“Bad,” U2: Another surprisingly great running song– and I say “surprising,” because it’s allegedly about heroin abuse. Even though never released as a single, this is the song that made U2 the Best! Band! in the World! back in 1985, thanks to Bono’s antics at Live Aid.  If you haven’t seen the Live Aid performance, check it out, especially the part where Bono jumps into the crowd and embraces two female fans, after the security plucks them out of the packed-like-sardines crowd.

The name “Bad” is actually fitting, since the Live Aid performance has a “Bad” news/ “Good” news thing going on:

“Bad” News:  the crowd interaction (plus some snippets from Lou Reed and the Rolling Stones, which Bono threw in) stretched “Bad” out to twelve minutes, which meant they didn’t have time for their third song (“Pride”).  As a result, the band was initially disappointed with their set; in a 1987 interview, guitarist Edge admitted, “We came offstage after Live Aid, and we thought we had really blown it.”

“Good” News: fans really appreciated Bono’s spontaneous persistence in getting to those fans, the song sounded great, and the whole thing put U2 on the mainstream map.

“Boy in the Bubble,” Paul Simon Not necessarily a great running song (with that funky, South African piano accordion), but a fascinating song nonetheless.   To me, the song is about advances in technology, both good and bad:  the “boy in the bubble and the baby with the baboon heart” (good) juxtaposed with the “lasers in the jungle somewhere” (bad).  Allegedly, Paul Simon once said the song is about “hope and dread… but coming down on the side of hope,” and I guess the repetition of “these are the days of miracle and wonder” in the chorus underscores that sense of hope. (For a way more advanced analysis of this and apparently every other Paul Simon song, click here.)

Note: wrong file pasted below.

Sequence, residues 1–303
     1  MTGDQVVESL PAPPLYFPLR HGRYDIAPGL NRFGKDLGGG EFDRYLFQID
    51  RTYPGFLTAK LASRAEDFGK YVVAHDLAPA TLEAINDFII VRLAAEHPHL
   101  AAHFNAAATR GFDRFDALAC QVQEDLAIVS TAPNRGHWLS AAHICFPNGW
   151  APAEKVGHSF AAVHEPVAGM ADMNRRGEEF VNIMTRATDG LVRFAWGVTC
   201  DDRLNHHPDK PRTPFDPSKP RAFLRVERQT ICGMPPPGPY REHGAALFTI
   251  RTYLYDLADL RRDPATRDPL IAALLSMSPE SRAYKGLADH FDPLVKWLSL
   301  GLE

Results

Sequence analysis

By the way, is  “boy in the bubble and the baby with the baboon heart” just about the best alliteration in pop music? At the very least, it’s tied with Warren Zevon’s “little old lady got mutilated late last night” from “Werewolves of London”…

“Here’s Where the Story Ends,” The SundaysAnd here is where the run ends, as it turns out. Great song, and I love the poetry of the line “a little souvenir of a terrible year.”  As for the rest of the lyrics?  In truth, I couldn’t understand all of them; even when I went back and finally read the lyrics, I didn’t understand them. (Who knew she was talking about a “shed” in the chorus?  What happened there?)  But I love the sound nonetheless, and I always thought it should have been more popular.

And there it is– the musical score for that day’s run.  I’ve heard some folks say that they don’t like to listen to music as they jog, but personally, I don’t know how you could run without music.  A good song can get your feet moving as well as your mind– and even give you the material for a blog post.


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Much like Tommy and Gina who were immortalized in song by Bon Jovi, Sheri and I are likewise halfway there.  That’s right: Today marks the half-way point of the National Blog Posting Month Challenge.

When I first floated the idea of doing this challenge, Sheri wanted to throw up. It all seemed so daunting—still does, in fact.  But fourteen blog posts later—on topics ranging from golden Buddhas to warring poets to Patrick Swayze—we’re somehow still standing.